40 In the present case, it must be found, first, that the Board of Appeal did not put forward an adequate analysis of Article 7(1)(b) of Regulation No 40/94.

41 Thus, the Board of Appeal maintains that, according to the Collins Cobuild English Dictionary (1995 edition), the prefix EURO is used to form words describing or alluding to matters relating to Europe or the European Union and that the adjective COOL means, according to the New Shorter Oxford English Dictionary (1993 edition), moderately cold, pleasant and refreshing, in contrast with heat and cold (paragraphs 14 and 15 of the statement of reasons in the contested decision). The Board of Appeal found that the term EUROCOOL was readily understandable, was clear and unambiguous and hence did not convey any information other than the objective, clear and instantly understandable statement that what was concerned was services relating to the refrigerated transport of products undertaken in Europe and to their preservation by cold storage (paragraph 18 of the statement of reasons in the contested decision).

42 Therefore, the Board of Appeal concluded that the term at issue was devoid of distinctive character because the word combination EUROCOOL, in keeping with the rules of English usage, consisted solely of a word in everyday usage, cool, which indicated the type of services concerned, and a no less current prefix, euro, which denoted the geographical area in which those services were provided.

43 The fact that the sign at issue is made up of components which may allude to certain features of the services referred to in the application for registration and that the combination of those components complies with linguistic rules is not sufficient to justify application of the absolute ground for refusal laid down by Article 7(1)(b) of Regulation No 40/94, unless it amounts to proof that such a sign, looked at as a whole, would not enable the section of the public targeted to distinguish the applicant's services from those of its competitors.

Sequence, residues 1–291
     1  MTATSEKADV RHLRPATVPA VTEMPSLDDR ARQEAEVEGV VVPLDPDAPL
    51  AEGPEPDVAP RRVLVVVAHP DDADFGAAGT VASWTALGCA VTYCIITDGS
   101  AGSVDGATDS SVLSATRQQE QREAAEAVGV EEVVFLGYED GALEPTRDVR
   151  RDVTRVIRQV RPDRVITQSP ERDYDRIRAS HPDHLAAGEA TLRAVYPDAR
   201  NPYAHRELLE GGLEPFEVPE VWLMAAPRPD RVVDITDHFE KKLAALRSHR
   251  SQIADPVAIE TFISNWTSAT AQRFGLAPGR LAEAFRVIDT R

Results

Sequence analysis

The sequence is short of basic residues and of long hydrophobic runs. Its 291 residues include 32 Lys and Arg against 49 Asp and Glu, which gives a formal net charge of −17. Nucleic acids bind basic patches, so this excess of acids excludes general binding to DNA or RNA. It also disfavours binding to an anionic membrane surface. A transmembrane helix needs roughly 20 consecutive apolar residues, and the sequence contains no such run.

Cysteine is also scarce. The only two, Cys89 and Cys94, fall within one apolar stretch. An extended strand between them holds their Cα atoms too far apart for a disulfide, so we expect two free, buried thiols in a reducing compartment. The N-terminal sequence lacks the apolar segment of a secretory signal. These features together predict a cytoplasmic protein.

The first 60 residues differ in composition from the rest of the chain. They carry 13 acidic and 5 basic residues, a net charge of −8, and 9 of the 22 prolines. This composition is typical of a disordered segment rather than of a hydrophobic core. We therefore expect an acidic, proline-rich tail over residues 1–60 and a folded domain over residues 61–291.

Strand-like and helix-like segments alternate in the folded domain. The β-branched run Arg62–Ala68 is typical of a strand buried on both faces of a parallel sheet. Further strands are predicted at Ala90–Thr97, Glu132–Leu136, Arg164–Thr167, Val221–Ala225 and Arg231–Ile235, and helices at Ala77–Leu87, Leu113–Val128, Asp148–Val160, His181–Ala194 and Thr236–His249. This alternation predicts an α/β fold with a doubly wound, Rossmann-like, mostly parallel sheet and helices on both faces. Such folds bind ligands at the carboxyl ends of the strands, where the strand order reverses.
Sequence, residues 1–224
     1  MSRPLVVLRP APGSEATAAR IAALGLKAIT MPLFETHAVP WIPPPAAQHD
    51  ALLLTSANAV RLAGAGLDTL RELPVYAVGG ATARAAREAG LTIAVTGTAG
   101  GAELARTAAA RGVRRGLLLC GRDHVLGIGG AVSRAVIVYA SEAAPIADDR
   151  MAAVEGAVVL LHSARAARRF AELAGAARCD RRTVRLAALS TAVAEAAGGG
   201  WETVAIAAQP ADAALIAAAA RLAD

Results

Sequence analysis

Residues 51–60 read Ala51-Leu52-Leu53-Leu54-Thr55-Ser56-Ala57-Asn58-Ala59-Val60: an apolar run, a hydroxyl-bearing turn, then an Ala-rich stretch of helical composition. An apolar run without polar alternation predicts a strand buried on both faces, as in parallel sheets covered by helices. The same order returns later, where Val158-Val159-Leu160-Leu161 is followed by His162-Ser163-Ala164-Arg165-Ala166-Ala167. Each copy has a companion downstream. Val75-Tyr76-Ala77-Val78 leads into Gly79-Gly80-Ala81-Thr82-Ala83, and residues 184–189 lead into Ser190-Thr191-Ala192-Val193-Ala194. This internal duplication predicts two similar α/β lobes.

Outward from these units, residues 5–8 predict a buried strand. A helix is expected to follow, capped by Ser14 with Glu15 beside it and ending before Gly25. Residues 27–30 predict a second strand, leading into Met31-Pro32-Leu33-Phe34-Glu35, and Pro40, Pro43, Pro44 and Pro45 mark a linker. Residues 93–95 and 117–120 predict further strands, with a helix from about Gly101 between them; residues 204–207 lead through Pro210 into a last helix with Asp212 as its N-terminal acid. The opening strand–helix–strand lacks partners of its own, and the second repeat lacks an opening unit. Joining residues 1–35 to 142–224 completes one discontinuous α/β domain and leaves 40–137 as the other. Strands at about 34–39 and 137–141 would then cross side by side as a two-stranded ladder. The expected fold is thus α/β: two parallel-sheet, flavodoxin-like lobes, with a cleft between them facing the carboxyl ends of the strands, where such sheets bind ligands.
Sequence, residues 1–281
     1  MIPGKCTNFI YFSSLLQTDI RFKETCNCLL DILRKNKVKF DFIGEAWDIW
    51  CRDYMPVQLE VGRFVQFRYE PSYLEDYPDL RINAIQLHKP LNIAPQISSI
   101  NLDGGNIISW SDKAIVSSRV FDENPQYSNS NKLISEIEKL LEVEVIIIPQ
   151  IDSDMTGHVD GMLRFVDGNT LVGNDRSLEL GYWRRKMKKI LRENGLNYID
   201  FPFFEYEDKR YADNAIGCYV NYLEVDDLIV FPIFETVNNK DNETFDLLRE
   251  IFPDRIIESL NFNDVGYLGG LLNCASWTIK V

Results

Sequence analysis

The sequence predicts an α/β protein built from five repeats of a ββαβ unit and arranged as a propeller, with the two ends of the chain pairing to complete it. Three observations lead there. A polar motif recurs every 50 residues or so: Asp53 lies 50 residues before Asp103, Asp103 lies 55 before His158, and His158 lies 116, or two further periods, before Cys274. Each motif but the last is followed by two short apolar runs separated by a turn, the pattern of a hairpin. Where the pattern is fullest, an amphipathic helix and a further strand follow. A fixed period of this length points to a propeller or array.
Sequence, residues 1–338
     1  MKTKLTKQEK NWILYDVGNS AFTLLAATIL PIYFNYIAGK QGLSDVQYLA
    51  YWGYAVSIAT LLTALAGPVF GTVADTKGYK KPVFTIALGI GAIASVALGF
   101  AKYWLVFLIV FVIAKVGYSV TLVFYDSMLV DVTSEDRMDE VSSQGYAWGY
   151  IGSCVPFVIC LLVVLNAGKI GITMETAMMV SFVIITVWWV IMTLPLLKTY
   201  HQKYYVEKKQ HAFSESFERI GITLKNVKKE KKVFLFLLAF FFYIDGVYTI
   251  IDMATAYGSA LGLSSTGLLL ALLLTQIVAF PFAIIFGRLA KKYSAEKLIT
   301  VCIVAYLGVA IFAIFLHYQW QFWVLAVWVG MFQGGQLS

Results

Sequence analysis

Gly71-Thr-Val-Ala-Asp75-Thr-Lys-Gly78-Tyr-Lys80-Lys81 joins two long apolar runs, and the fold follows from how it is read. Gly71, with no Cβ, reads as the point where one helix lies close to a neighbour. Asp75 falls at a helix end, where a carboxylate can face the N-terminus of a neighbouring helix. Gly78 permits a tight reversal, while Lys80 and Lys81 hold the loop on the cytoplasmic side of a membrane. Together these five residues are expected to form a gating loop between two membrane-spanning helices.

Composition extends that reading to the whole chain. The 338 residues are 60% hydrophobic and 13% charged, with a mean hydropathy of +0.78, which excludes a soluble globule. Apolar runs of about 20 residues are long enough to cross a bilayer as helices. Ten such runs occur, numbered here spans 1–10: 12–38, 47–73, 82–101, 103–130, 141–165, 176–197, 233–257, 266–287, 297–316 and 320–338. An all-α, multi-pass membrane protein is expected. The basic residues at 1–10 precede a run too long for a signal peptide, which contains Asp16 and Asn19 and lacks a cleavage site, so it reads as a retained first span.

44 It should next be observed that the Board of Appeal indicated that it did not perceive in the term EUROCOOL the imaginative element mentioned by the applicant (paragraph 18 of the statement of reasons in the contested decision).

45 In that regard, it is clear from the case-law of the Court of First Instance that the absence of distinctive character cannot arise merely from the finding that the sign in question lacks an additional element of imagination (Case T-87/00 Bank für Arbeit und Wirtschaft v OHIM (EASYBANK) [2001] ECR II-1259, paragraph 38) or a minimum amount of imagination (Case T-135/99 Taurus-Film v OHIM (Cine Action) [2001] ECR II-379, paragraph 31, and Case T-136/99 Taurus-Film v OHIM (Cine Comedy) [2001] ECR II-397, paragraph 31). A Community trade mark is not necessarily a work of invention and is founded not on any element of originality or imagination but on its ability to distinguish goods or services on the market from goods or services of the same kind offered by competitors.

46 In the context of the application of the absolute ground for refusal in Article 7(1)(b) of Regulation No 40/94, it must be determined, as stated in paragraph 45, whether the term EUROCOOL, taken as a whole, enables the section of the public targeted to distinguish the services of the person applying for the Community trade mark from services with a different commercial origin.